By Howard Shapiro
INQUIRER STAFF WRITER
In a season filled with new and original holiday shows from the region's professional theaters, you'll find some with a more traditional sugar-coating than Delaware Theatre Company's A Cappella Humana, but I doubt you'll find anything more inventive.
This retelling of the nativity in modern terms, with three Magi guided by a star only after their GPS conks out, links the story through the ages and is especially effective in Kevin Ramsey's staging of a cast with with wide-ranging singing voices and a smooth upper register when they sing as one.
Ramsey, whose work is a staple at Delaware Theatre Company, also created A Cappella Humana and along with his niece, Pearl Ramsey, wrote the book for the show. It is, until it takes a dive in its very last part, a holiday treat but not a confection — the highest-concept Christmas show I can remember seeing. The nativity here, and the story beyond it, is retold as a reality TV show, which sounds cheesy but in the Ramseys' creation has a pertinence that links now with long ago.
In one scene, people text messages to one another as we read them on two of three screens that cover the rear and sides of the stage; in others, they tell pieces of the story as regular people thrown into the plot, and are interrupted by the strains of their everyday lives — or by a commercial.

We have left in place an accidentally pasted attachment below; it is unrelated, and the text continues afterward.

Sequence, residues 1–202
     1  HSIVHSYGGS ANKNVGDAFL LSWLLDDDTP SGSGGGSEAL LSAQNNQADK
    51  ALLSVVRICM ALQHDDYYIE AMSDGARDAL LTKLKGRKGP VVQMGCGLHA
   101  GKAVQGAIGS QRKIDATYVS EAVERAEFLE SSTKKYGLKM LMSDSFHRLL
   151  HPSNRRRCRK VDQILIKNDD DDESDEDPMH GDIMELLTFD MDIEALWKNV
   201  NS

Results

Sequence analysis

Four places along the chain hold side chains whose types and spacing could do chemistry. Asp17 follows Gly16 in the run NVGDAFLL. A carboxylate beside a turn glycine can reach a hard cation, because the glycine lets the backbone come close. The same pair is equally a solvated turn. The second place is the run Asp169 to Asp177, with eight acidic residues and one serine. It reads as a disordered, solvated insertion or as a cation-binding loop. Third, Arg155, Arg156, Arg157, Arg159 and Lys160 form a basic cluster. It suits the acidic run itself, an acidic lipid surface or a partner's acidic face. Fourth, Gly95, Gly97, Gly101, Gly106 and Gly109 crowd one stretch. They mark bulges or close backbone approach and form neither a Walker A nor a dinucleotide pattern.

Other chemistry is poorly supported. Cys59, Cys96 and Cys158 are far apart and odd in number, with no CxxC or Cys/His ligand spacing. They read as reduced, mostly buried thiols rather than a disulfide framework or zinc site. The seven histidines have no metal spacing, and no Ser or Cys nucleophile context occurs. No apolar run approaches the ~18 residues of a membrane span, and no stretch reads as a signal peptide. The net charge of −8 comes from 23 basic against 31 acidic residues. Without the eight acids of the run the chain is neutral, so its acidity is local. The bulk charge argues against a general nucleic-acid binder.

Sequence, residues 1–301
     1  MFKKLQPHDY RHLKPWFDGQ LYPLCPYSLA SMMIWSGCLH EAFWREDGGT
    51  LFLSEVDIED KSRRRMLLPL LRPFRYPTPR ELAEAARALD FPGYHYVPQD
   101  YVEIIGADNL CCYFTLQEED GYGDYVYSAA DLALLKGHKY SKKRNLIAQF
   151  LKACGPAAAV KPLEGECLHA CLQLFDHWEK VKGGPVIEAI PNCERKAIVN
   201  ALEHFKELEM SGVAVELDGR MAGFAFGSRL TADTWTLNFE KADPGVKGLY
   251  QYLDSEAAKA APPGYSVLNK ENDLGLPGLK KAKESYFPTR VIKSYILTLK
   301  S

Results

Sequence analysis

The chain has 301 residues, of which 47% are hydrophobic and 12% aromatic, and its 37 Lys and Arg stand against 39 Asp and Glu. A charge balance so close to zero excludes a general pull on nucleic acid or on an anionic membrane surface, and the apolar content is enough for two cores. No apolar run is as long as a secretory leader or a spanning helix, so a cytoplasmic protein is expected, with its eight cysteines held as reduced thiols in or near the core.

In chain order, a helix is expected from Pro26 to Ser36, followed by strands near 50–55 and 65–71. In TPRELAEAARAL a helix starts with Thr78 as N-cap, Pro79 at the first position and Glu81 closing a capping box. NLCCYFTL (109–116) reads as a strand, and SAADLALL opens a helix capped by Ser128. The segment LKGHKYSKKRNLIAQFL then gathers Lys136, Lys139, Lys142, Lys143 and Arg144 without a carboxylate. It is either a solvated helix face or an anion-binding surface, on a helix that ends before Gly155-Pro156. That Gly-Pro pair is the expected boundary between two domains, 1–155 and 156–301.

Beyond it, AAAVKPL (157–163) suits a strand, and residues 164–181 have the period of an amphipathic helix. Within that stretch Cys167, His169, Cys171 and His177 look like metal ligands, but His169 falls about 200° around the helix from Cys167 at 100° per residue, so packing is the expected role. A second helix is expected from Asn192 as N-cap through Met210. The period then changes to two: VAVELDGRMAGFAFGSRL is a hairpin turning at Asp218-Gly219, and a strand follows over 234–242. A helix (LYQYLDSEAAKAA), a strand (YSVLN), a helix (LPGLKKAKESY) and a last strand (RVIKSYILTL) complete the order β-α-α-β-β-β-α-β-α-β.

There's something oddly transporting about all of this, as if we're in a time machine that hasn't quite left but moves us backward, even so. And it's highly spiritual, laden with traditional, sacred and gospel numbers, and even a piece by Kevin Ramsey about taxes, which figure big in the story then as now. You could call A Cappella Humana the first Liturgical Jukebox musical.
Too bad, then, that it goes awry suddenly and in such fast descent. A Cappella Humana offers its surprising, impressive little twists through the first act and some of the second, then loses control of its steering. In a quest to develop tension and deliver messages about the differences in what we strive for and what we actually do, the show turns so heavy-handed in its last 20 minutes, it's like being forced to take medicine.
The pummeling morality message left me exiting the theater cold; it wasn't until I thought about what I'd seen for the 90 minutes before A Cappella Humana stumbled that I could again appreciate the show's striking ingenuity.
Master musician Daniel Delaney backs the cast commandingly on cello, a pleasure to hear as the only accompaniment generally on stage beside Chesney Snow's excellent mouth-percussion, Bobby McFerrin style. Snow plays the "Little Drummer B-Boi." Mykal Kilgore is wonderfully appealing as Emmanuel — read that as God. Katie Zaffrann is a Mary concerned with her makeup, Clinton Derricks-Carroll is a bewildered Joseph, and the Magi are Daniella Dalli, Jannie Jones and David Marmanillo.
They know how to raise a joyful noise. A Cappella Humana is a world premiere, and it will probably, as they say, have legs. If its own joyful noise is smoothed out through the ending, these legs could be strong, indeed.
Contact staff writer Howard Shapiro at 215-854-5727, email@example.com, or #philastage on Twitter.